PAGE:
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Accounting 101: Debits and credits explained

Learn how to grasp the basics of debits and credits for a well-prepared balance sheet. Presented by Chase for Business.

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    Whether you’re an accounting enthusiast or an adamant arithmophobe, accurate bookkeeping is essential to your success. It’s how you generate invoices, compensate your staff, pay your bills and measure your business’s overall financial well-being. By having a clear view of your cash flow with detailed financial records, you can budget more easily, track your profits and identify strategic ways to grow.

    But there are two bits of accounting jargon that often leave new business owners scratching their heads — debits and credits.

    What exactly does each term mean? How can debits make some accounts go down but make others go up? And how does any of this affect your business?

    Here’s what you need to know.


    The basics of DR and CR

    To keep your business’s financial records in order, you need to track the money coming in and going out — also known as balancing your books. The individual entries on a balance sheet are referred to as debits and credits.

    Debits (often represented as DR) record incoming money, while credits (CR) record outgoing money.

    How these show up on your balance sheet depends on the type of account they correspond to.


    What “balance” really means

    Any business that’s spending and receiving money will likely assign transactions to one of five main account types:

    • Asset accounts contain the resources a company relies on to generate revenue (inventory, accounts receivable, cash).

    • Expense accounts reflect the company’s cost of doing business (delivery expenses, advertising expenses, materials, labor).

    • Liability accounts show what the business owes to creditors (accounts payable, salaries and wages, income taxes).

    • Equity accounts refer to the owner’s equity in their company (initial investments or stock holdings).

    • Revenue/income accounts reflect the income your business generates.

    The world of accounting has two main systems: single-entry and double-entry accounting. Single-entry records only revenues and expenses, while double-entry covers assets, liabilities and equity by recording each transaction twice — once as a debit and once as a credit.

    Most businesses follow the double-entry system, in which every financial transaction affects at least two accounts. Money coming into one must come out of another. When these two entries balance and result in a total of zero on your balance sheet, your books are considered balanced. This satisfies one of the golden rules of accounting:

    Assets (what you own) - Liabilities (what you owe) = Equity (what’s left for you)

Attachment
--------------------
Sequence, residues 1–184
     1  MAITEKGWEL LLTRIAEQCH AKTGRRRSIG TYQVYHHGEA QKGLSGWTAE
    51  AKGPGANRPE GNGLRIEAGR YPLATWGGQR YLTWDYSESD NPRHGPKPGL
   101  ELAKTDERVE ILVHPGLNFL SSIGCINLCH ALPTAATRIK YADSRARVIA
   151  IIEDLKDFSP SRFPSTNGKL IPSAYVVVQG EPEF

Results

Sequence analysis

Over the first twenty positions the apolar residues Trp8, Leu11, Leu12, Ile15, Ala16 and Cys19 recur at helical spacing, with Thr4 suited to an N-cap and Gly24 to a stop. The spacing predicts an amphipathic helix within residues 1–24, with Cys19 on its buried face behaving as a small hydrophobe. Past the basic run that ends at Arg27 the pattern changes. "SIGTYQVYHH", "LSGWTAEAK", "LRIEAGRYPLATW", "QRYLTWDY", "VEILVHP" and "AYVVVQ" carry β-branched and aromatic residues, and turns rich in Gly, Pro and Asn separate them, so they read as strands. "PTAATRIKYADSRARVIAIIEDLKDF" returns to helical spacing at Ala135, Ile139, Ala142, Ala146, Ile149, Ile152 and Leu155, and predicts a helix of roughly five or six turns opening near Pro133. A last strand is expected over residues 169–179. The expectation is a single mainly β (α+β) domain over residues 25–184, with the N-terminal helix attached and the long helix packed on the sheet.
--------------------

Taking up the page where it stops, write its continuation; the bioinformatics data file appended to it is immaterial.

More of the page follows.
In simpler terms, every item your business owns (inventory, equipment, even loans) can be classified as either something you owe (liabilities) or something that belongs to you (equity). Think of it like this: If you borrow $100, that $100 is both an asset (cash) and a liability (loan). When you spend $200 on new equipment, that $200 becomes an asset (the equipment) as well as your equity (money you’ll eventually get back). That’s the fundamental concept behind credits and debits.

    For every debit in one account, another account must have a corresponding credit of equal value to offset it.

    Whether a debit or credit means an increase or decrease in an account depends on the account type. In traditional double-entry accounting, debits are entered on the left, and credits are entered on the right, like so:

    • Asset accounts Debit Increase, Credit Decrease

    • Expense accounts Debit Increase, Credit Decrease

    • Liability accounts Debit Decrease, Credit Increase

    • Equity accounts Debit Decrease, Credit Increase

    • Revenue/Income accounts Debit Decrease, Credit Increase


    Putting it into practice

    Now we’ll take a look at how you can apply debits and credits to a few common business scenarios.

    Purchasing equipment

    Say you own a bakery and decide to buy a new oven for $2,000. You decrease, or debit, your cash balance by $2,000 to pay for the oven, but you increase, or credit, the value of your assets by $2,000. Here’s how this purchase affects your balance sheet:


    • Assets: Equipment Debit: $2,000

    • Assets: Cash Credit: $2,000

    Loan for business expansion

    To expand your bakery, you take out a $10,000 loan from a bank. You increase (debit) your cash balance by $10,000 because you received the loan, and you record a liability (credit) for the $10,000 loan amount, which you’re obligated to repay. You record each transaction like so:

    • Assets: Cash Debit: $10,000

    • Liability: Loans payable Credit: $10,000

    Employee salaries

    It’s payday, and you need to pay your employees $2,500 in salaries. You increase (credit) your expenses by $2,500, reducing your equity. You decrease (debit) your cash balance by $2,500 to pay your employees. Your balance sheet reads:

    • Assets: Cash Debit: $2,500

    • Equity: Salaries expense Credit: $2,500


    Remembering the fundamentals

    The next time you approach your balance sheet, it’s important to remember that debits and credits are the invisible hands keeping everything in balance. By understanding their roles, you can confidently manage your money to make strategic decisions that set your business on the path to lasting success.

    For the support you need to stay on top of your finances, be sure to speak with a Chase business banker today.